For the last year, we have been talking about the shortage of NOPD officers. We are down to a little over 1,100 when conventional wisdom tells us we need at least 300 more.
That shortfall has manifested itself in a number of ways, most recently in the increasing number of stories we have heard about how long it takes to get a response to a 911 call. We tend to think that because it sometimes takes almost an hour for a unit to arrive, we must not have enough cops, and the solution is to hire more!
But we may want to look at the whole situtation a little differently. New Orleans Inspector General Ed Quatrevaux released a report today showing that NOPD might not need 300 new officers; it should just use the officers it has in a different way.
So if we better used the cops we have, we could avoid hiring more but still get a better result?
"That's a fair statement. We went through a very elaborate and complicated process using a national expert," Mr Quatrevaux told me. "Dr. Weiss wrote the textbook on sizing police departments. There is really no methodology for that, but there is a method for figuring out how many officers you need to answer citizens' call for service, and that's what we did."
All I'm concerned about as a citizen is how many officers are on duty in my neighborhood, either at two o'clock in the afternoon or two o'clock at night.
"Well, we have the data! If you want 100 officers to work seven days a week, three shifts a day, you have to hire 162 officers because they take leave, get weekends off and all of that. If only half their time is devoted to calls for service, well, now you need twice as many. So this 50, 40, 30% in the report - thsoe were different levels as a percent of time the officers spent time devoted to answering calls for service. Actual practice can be quite different."
It's a fascinating problem to unpack, with many moving parts and very real consequences for our community. Take a listen to the podcast and tell us what you think!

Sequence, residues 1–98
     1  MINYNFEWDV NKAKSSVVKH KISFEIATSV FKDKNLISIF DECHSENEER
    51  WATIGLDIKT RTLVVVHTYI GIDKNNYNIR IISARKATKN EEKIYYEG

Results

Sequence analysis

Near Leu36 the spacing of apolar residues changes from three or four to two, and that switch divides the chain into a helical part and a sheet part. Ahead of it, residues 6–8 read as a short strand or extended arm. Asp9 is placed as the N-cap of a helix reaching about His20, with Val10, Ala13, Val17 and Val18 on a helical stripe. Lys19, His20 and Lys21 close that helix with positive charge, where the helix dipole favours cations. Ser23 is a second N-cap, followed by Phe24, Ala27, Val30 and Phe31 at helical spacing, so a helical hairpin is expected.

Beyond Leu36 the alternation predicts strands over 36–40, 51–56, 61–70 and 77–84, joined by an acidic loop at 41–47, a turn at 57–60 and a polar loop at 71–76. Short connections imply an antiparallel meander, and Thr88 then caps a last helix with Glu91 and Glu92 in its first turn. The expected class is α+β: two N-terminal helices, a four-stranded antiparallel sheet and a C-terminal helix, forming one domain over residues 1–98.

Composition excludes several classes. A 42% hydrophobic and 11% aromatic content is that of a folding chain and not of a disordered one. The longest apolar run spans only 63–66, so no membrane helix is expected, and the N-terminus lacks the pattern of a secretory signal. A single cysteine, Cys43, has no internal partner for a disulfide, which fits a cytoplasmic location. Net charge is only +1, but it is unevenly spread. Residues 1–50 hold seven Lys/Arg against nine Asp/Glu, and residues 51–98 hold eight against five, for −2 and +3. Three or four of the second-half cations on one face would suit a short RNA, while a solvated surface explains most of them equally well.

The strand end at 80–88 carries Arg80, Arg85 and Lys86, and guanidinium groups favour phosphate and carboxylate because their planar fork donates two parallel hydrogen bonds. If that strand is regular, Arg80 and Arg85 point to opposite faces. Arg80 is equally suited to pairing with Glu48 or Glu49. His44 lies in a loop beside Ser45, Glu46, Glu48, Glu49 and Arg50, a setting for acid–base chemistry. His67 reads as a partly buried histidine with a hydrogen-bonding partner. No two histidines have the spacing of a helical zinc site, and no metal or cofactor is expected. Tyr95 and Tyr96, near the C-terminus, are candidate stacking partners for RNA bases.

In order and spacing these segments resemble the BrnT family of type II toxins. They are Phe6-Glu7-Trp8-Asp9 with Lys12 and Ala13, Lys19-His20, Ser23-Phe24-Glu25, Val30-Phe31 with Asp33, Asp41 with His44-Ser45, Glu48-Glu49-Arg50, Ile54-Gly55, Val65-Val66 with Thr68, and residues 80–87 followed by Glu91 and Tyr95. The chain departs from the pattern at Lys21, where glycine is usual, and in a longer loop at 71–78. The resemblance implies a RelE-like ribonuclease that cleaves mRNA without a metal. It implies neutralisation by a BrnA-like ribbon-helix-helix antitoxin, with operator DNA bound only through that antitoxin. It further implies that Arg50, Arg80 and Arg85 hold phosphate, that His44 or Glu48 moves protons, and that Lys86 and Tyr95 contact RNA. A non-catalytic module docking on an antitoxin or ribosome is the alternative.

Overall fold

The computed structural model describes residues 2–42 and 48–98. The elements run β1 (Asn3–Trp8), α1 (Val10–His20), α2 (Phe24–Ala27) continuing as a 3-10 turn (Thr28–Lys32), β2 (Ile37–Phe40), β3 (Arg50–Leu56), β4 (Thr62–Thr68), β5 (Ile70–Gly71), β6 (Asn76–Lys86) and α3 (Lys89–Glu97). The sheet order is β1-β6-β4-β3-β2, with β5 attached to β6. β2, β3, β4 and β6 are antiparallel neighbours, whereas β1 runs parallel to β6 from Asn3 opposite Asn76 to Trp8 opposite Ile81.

How do we stop animal cruelty? Is it tougher laws? Tougher penalties? Bigger fines? More jail time? Public humiliation?
We've seen a lot of disturbing headlines lately. Horses malnourished or found dead from starvation, emaciated kittens found caged in a bin or thrown out on expressways, even pregnant rabbits thrown from cars.
We all cringe when we hear this horrific stories, but how do we stop people in their tracks? How do we make them know these are criminal acts?
It's sick, it's against the law, and it needs to stop now. Our society should have no tolerance for these kinds of acts against animals who can't protect themselves.
Fortunately, there are people in our community who work in the trenches 365 days a year to help animals. To help me understand this important topic, I invited in some of the best. Louisiana Humane Society Jeff Dorson, Spaymart President Lynn Chiche, Dr. Theresa Gernon of the Magazine Street Animal Clinic, Dr. Greg Rich of the West Esplanade Veterinary Clinic, June Booth from the House Rabbit Society all joined me today to help educate us about animal cruelty laws and policies.
We were also fortunate to be joined by Meagan McCarthy, whose cat Cinderella was left tortured and broken by her roommate. It is a heartbreaking story, but Cinderella is on the mend with the help of these very capable experts.
Take a listen to the podcast, and tell me what you think we can do as a society to prevent these types of stories from greeting us in the news. Thanks for listening!